Leigh Barker and the New Sheiks.

Leigh Barker and the New Sheiks.

Why was there a grand piano in the staff room of Majura Medical Centre? The answer is not entirely clear. However, a group of Canberra musicians have been taking advantage of this serendipitous discovery for the past two years, hosting performances by jazz artists in an intimate ''underground'' series that has flourished by word of mouth.

Now, says one of the organisers behind Jazz at the Loft, it's time to go public.

Alex Raupach, 23, who graduated from the ANU School of Music last year with an honours degree in jazz trumpet, says pianist Luke Sweeting discovered the piano (possibly belonging to one of the doctors who didn't have space for it at home, Raupach says) and started Jazz in the Loft with fellow pianist Andy Butter.

Jazz trumpeter Alex Raupach

Jazz trumpeter Alex Raupach

''I've been peripherally involved for a long time and have played in it a few times,'' Raupach says. He became more central a few months ago when Butter left for the United States.

The gigs were always word-of-mouth events for those in the know, but Raupach says with the demise of the jazz performance course at the School of Music, he and the other organisers decided to publicise Jazz at the Loft more widely to keep Canberra alive as an attractive destination for talented musicians. And they're doing it by establishing a partnership with a more accessible and central venue while not abandoning the original home that gives the event its name.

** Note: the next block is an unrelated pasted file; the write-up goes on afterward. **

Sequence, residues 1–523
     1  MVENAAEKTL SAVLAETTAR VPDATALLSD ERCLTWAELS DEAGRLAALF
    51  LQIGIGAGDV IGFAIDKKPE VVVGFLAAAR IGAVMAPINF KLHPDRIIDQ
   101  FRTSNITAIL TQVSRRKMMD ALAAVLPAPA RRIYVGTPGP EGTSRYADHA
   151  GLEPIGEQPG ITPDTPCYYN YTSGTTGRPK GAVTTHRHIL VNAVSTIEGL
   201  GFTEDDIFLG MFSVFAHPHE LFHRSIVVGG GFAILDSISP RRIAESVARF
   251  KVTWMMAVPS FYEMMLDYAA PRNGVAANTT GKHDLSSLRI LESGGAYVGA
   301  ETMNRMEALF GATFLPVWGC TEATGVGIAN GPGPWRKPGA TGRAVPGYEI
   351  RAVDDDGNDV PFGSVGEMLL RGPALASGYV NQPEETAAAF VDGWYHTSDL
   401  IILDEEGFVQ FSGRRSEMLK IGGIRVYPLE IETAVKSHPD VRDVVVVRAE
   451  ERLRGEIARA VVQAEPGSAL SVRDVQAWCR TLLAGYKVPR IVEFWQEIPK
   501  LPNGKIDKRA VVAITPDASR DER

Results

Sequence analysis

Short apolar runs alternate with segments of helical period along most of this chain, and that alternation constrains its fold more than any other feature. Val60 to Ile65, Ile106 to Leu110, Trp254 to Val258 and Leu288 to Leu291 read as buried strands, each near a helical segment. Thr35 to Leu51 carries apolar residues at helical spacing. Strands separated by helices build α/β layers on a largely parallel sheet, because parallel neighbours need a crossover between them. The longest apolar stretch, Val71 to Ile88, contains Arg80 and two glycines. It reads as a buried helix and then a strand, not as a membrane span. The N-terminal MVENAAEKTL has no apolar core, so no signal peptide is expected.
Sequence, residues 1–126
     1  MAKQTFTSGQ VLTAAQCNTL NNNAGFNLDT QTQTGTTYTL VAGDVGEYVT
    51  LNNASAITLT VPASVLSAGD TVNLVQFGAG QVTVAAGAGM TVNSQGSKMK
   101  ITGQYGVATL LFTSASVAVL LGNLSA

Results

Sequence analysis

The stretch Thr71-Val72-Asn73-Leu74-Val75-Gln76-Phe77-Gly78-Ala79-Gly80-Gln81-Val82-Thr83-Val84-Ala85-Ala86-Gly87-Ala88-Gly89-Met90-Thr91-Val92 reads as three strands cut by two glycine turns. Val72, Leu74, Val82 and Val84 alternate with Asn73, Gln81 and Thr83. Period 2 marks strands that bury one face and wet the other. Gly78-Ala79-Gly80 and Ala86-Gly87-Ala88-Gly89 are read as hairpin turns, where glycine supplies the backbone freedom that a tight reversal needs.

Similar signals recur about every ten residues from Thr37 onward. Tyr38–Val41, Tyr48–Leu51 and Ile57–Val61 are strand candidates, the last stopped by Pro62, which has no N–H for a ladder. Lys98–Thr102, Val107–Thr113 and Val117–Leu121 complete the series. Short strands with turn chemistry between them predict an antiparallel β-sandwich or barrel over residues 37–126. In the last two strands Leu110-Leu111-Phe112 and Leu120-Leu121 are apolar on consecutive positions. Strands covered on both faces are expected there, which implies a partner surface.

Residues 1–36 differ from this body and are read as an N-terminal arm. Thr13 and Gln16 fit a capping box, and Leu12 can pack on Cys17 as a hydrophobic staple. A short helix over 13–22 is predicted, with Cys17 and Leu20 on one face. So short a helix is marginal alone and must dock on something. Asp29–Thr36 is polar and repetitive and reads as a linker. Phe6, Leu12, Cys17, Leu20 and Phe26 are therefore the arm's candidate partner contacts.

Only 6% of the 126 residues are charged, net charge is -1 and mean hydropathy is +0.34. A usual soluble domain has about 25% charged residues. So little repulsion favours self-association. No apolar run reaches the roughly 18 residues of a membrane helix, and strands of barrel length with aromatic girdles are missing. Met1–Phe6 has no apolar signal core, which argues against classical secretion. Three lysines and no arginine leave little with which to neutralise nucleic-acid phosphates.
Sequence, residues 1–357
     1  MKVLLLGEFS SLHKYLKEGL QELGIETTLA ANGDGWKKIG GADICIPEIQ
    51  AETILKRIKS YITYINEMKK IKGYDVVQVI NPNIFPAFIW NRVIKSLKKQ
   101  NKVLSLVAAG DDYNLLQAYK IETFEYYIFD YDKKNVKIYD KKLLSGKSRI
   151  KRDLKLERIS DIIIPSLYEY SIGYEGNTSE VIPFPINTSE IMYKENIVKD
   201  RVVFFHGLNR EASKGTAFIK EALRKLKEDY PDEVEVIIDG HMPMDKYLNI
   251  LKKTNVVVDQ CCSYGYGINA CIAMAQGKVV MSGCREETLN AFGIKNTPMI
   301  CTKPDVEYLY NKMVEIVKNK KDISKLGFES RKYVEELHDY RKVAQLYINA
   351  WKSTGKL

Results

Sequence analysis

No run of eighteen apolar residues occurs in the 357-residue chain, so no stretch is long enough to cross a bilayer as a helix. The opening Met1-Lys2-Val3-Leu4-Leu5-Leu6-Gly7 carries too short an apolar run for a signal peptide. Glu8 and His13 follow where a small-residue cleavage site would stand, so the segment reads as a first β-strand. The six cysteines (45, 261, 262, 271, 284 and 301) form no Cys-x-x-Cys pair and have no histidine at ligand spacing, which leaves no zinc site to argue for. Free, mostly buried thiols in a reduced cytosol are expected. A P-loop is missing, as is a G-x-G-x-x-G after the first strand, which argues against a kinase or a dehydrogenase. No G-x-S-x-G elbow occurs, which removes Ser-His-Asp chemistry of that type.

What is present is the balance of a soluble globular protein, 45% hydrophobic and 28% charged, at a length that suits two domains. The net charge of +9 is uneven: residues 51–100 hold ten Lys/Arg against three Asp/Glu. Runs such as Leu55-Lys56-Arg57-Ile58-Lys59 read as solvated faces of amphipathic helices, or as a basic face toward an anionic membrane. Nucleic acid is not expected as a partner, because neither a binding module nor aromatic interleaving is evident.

On Sunday at Teatro Vivaldi in the ANU Arts Centre will be a one-off event to launch Jazz in the Loft's 2013 season. There will be a performance by an octet made up of organisers and friends of the Loft: Raupach on trumpet, Matt Handel on alto sax, ANU lecturer John Mackey on tenor sax, Tom Fell on baritone sax, Jack Palmer on guitar, Luke Sweeting on piano, Max Alduca on bass and Luke Keenan-Brown on drums.

''There will be some contemporary and original works by members of the band and organisers of the Loft,'' Raupach says.

''The ensemble functions really well and produces a really tight sound.''

In the second half will be a complete performance of Oliver Nelson's classic record from 1961, The Blues and the Abstract Truth. The idea, Raupach says, is to give a sense of what the Loft is like and the sort of music it presents. And one advantage Teatro Vivaldi has over the original venue is that it is licensed so patrons can enjoy a drink as well as the music.

''It's a different venue with its own vibe,'' Raupach says, and may be a home for some bigger gigs, yet to be organised.

Raupach says among the acts that will be playing in 2013 will be Tasmanian pianist Tom Vincent, Sydney pianist Alistair Spence, Swiss band leader Andreas Bohlen and the Mark Hannaford Trio from Melbourne. They'll all be at the original Loft.

And Raupach says there are other plans.

''We're looking at applying for Australia Council grants to pay artist fees for bigger gigs.''

But the 2012 season of Jazz at the Loft is not yet over. The original venue will play host to pianist Mark Hannaford (November 27, 8.30pm), the Mark Lockett Trio (December 5, 8.30pm) and the Steve Barry Trio (December 11, 8.30pm).

The Jazz at the Loft 2013 concert series launch is at Teatro Vivaldi, ANU Arts Centre, tomorrow at 3.30pm. Tickets $15/$10 at the door. Space is limited. The original Jazz at the Loft venue is at Majura Medical Centre, units 2-3, 151 Cowper Street, Dickson (entry $15/$10). For more information visit Jazz at the Loft on Facebook.